Fast Five Quiz: Acute Heart Failure Presentation and Diagnosis

Arnold S. Baas, MD; Jeff Hsu, MD


May 12, 2020

Congestion is a common element of acute heart failure. When assessing patients for acute heart failure, history and physical examination should largely focus on the presence of congestion, which would support the diagnosis of acute heart failure. Of note, a normal chest radiograph does not exclude left ventricular congestion. Similarly, the absence of rales does not exclude left ventricular congestion.

Cough and hypoxia may be caused by left ventricular congestion. Other findings of left-ventricular congestion include dyspnea, orthopnea, and bendopnea, as well as paroxysmal nocturnal dyspnea, tachypnea, and pathologic lung auscultation (rales, crackles, wheezing). Signs and symptoms of right ventricular congestion may include increased body weight, bilateral peripheral edema, decreased urine output, abdominal pain, nausea and vomiting, jugular vein distention or positive hepatojugular reflux, ascites, hepatomegaly, and icterus.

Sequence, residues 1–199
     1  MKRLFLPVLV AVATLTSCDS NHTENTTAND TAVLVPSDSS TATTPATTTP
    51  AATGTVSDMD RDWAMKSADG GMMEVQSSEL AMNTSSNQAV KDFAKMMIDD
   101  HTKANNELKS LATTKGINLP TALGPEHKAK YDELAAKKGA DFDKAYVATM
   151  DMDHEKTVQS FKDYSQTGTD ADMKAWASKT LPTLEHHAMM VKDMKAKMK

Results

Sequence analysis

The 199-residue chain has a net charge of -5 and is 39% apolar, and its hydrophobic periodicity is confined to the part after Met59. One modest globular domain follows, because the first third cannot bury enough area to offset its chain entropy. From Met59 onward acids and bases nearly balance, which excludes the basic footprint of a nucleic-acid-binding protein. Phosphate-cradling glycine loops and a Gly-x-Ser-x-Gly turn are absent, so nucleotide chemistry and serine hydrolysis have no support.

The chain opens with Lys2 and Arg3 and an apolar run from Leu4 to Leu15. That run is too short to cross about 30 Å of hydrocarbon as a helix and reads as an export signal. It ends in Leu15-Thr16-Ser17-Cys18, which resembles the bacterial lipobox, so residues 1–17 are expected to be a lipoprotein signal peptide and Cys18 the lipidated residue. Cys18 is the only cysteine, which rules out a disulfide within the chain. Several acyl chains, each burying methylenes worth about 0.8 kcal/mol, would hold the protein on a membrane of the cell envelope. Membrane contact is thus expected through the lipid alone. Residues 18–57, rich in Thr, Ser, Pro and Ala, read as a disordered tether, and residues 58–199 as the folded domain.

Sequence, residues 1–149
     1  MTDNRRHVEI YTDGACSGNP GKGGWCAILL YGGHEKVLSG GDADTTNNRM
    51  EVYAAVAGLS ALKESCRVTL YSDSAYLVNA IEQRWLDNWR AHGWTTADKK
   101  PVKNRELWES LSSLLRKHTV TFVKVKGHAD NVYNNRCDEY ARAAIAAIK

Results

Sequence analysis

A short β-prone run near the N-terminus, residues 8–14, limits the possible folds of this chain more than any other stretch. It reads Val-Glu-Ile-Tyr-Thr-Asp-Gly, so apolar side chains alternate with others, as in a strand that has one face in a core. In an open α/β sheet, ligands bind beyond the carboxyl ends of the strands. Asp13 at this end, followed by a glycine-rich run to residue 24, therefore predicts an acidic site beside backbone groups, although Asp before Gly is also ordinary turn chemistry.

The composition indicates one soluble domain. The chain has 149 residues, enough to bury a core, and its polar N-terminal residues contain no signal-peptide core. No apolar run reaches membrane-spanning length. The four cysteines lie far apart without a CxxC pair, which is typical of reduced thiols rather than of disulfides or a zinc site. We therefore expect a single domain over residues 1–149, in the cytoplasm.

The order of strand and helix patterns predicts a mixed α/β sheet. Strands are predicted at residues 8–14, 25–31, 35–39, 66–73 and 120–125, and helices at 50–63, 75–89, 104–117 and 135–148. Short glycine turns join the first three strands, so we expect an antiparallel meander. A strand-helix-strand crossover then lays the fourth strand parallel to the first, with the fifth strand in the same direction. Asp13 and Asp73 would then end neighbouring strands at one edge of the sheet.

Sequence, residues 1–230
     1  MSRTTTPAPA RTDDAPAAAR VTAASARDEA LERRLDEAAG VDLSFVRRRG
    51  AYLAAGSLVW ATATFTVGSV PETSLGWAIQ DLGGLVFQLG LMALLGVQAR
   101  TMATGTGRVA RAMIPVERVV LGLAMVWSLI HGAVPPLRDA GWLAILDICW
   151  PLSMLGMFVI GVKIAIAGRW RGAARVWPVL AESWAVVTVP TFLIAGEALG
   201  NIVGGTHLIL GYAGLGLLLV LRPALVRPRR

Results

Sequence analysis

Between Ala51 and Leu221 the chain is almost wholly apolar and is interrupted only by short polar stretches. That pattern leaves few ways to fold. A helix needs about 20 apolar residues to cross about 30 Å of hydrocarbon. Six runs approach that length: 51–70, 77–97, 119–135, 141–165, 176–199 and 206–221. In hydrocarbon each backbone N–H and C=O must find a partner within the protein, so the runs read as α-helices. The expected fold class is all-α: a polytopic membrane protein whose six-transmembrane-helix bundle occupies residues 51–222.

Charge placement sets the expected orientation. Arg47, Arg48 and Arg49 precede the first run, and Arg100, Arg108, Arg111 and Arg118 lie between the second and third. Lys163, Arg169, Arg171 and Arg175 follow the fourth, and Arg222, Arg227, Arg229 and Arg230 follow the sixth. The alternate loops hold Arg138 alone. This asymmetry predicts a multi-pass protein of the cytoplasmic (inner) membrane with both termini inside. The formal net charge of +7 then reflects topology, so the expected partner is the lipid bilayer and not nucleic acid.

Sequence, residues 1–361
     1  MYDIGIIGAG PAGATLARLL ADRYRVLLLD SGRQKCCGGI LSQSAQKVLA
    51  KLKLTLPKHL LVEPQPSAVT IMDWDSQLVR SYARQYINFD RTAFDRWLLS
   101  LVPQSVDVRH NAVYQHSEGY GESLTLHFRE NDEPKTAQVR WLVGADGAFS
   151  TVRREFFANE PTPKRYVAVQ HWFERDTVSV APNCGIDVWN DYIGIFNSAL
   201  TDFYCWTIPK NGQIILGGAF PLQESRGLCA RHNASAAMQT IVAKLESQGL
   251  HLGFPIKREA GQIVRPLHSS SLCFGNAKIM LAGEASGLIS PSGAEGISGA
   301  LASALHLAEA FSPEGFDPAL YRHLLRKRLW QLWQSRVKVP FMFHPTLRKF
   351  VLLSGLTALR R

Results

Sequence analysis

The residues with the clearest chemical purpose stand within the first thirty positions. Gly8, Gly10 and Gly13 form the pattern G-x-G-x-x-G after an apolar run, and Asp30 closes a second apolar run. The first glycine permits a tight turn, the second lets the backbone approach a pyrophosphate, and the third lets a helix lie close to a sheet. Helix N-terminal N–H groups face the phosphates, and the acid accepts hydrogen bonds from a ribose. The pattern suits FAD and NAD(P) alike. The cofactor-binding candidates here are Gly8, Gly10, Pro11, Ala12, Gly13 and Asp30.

Learn more about the clinical evaluation of patients with acute heart failure.


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